The African Union (AU) commemorates its second decade this year. This milestone presents a moment to reflect on the founding aspirations of the body, assess the current progress in achieving these, and provide suggestions of what the continent should do to achieve these aspirations. This piece assesses the AU's role in peace and security on the continent as far as election-related violence (ERV) is concerned and the linkages between various organs of the AU to achieve this, particularly the Pan-African Parliament (PAP) and the AU Peace and Security Council (PSC). Timothy Sisk defines ERV as 'acts of verbal assault, intimidation, coercion and physical harm used to sabotage an electoral process (at any given point) or eliminate electoral competition.' The United Nations recognises ERV as a 'form of political violence which is often designed to influence an electoral outcome and, therefore, political power distribution.'
African Charter on Human and Peoples’ Rights
The Constitutive Act of the African Union (AU) was adopted on 11 July 2000 and came into force on 26 May 2001. The document has been described as 'the turning of a page in the history of the African continent' as it represented the beginning of a new era for the 'political, judicial, and economic organisation for Africa.' The Constitutive Act recognises gender equality as one of its principles.
This blog reflects on recent efforts for international investment agreements (IIAs) to extend human rights and sustainable development obligations to foreign investors. Prior to the recent adoption of the Nigeria-Morocco BIT in 2016, human rights language and foreign investor obligations were notably absent in Nigeria’s IIAs. This discrepancy - between attempts to attract foreign investment through IIAs and the failure to link these investments to socio-economic priorities in Nigeria – has led to palpable tensions within Nigeria’s dominant economic sector, oil production, but recent international law developments suggest a slow shift is happening.
The recent decision by the High Court of Kenya regarding the admission of students from South Sudan advocates of Kenya may not have attracted much attention in Kenya and the East African Community (EAC), but it is all the same a very important one among the many decisions that have been coming from the Kenyan courts recently regarding the implementation of the Treaty Law In Kenya.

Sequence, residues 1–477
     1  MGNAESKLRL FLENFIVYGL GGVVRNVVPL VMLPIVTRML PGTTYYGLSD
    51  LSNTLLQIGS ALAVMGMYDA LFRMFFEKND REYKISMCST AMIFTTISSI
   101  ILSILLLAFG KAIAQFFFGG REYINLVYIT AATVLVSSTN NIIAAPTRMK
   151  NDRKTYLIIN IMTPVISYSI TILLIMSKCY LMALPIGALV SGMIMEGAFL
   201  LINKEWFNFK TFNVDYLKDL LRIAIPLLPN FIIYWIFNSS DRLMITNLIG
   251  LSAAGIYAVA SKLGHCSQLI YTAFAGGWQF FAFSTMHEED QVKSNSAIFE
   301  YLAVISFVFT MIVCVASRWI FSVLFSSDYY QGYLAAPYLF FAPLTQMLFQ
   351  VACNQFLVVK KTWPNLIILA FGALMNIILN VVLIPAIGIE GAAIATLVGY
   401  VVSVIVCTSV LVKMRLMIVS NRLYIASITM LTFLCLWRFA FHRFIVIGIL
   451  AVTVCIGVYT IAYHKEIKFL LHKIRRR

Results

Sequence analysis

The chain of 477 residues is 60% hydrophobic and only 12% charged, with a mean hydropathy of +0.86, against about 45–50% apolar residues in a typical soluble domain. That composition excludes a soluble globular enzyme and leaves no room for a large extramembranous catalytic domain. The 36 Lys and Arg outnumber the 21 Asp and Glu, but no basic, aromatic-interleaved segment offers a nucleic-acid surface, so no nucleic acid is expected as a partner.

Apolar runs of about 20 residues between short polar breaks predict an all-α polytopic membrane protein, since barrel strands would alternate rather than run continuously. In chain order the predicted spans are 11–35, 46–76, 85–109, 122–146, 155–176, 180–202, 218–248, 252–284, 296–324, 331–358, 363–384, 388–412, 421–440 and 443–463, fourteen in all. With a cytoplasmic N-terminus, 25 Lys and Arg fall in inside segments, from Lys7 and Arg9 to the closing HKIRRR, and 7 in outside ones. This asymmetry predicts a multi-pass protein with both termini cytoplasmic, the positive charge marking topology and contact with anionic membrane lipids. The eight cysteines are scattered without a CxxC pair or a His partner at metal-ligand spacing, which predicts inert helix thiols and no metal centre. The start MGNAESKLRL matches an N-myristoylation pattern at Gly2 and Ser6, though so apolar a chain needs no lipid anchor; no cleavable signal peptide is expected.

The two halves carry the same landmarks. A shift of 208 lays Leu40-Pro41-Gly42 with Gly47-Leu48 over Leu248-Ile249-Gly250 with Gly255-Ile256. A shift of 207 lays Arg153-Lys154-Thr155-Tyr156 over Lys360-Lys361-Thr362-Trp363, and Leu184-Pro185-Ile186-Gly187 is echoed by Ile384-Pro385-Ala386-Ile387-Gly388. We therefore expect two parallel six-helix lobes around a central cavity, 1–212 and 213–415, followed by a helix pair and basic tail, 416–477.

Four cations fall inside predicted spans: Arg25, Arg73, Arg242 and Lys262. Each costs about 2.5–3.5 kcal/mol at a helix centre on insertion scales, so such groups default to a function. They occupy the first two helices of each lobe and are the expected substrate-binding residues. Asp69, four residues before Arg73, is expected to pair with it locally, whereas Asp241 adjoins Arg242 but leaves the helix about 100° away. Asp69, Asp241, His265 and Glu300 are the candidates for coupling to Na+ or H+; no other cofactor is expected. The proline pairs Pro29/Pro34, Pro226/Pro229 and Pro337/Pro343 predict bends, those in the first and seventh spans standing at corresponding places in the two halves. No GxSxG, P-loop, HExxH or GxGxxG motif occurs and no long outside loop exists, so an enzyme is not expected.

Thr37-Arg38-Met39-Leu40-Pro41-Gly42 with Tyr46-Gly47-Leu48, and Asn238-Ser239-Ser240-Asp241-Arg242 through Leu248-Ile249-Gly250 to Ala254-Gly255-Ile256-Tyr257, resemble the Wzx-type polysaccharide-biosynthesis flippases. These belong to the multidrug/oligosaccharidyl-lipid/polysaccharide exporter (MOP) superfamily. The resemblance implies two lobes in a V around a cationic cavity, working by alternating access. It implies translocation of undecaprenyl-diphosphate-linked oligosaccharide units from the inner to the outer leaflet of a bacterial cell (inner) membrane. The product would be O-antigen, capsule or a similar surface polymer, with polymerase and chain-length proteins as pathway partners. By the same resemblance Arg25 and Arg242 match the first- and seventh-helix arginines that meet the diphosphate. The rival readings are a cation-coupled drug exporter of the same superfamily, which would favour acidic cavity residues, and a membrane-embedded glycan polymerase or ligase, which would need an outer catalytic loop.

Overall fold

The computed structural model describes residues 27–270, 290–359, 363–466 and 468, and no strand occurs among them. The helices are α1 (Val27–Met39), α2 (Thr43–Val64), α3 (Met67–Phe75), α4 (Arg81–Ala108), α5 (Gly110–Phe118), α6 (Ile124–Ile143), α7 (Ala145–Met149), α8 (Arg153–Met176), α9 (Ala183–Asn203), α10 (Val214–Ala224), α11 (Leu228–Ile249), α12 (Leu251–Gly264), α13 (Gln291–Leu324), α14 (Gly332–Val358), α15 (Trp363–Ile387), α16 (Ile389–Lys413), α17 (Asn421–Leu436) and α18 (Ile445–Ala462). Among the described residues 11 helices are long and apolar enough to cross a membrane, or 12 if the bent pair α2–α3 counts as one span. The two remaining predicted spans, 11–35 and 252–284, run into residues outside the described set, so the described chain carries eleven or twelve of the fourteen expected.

All in all, what should be kept in mind is that, as the wise Canadian thinker and diplomat Ivan Leigh Head once noted, an element of law (and of accountability), some measure of it, will be needed in the effort to realize the right to development. It is for this reason that the African example of establishing meaningful regional-level accountability mechanisms in the development field, undergirded by hard law, ought to be replicated at the UN level.
In July 2019, the African International Economic Law Network (AfIELN), held its Fourth Biennial Conference under the theme “Africa and International Economic Law in the 21st Century” at the Strathmore University Law School (Nairobi, Kenya). This symposium contains some of the papers presented at this conference in their abridged forms. Before introducing the authors’ views on this Conference’s broader theme, we provide the important context under which the Conference took place.
One of the key points of departure of this book is that ‘the prevailing investment treaty based rules regime institutionalises neoliberalism, which argues for a lesser involvement of the state in the market’ (p. 19), and that ‘despite neo-liberalism’s aversion to the role of the state in economic matters, the state is responsible for the public interest and is the highest authority and a reduction in its economic functions’ (p. 19). It is on this basis that Adeleke theorises a harmonisation between the neoliberalist attitudes of international investment law on the one hand, and the public interest objectives of human rights law on the other.